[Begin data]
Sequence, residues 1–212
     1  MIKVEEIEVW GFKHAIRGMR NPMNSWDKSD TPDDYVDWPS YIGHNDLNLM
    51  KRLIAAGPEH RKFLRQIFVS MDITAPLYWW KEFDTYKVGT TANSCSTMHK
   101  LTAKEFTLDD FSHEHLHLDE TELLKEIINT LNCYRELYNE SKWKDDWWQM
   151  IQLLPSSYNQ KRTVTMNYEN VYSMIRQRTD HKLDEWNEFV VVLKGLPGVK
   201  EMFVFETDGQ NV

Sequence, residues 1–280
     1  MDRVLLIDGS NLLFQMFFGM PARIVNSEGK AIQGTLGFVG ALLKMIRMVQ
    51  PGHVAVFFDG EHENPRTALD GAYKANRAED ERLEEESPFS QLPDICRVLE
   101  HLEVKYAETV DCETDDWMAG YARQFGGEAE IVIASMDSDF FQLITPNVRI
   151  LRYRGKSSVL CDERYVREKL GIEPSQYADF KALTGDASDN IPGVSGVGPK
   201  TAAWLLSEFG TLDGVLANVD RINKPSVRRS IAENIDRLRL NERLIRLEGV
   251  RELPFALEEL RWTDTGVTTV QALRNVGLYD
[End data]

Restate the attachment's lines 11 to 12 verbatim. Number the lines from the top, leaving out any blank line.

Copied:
   151  LRYRGKSSVL CDERYVREKL GIEPSQYADF KALTGDASDN IPGVSGVGPK
   201  TAAWLLSEFG TLDGVLANVD RINKPSVRRS IAENIDRLRL NERLIRLEGV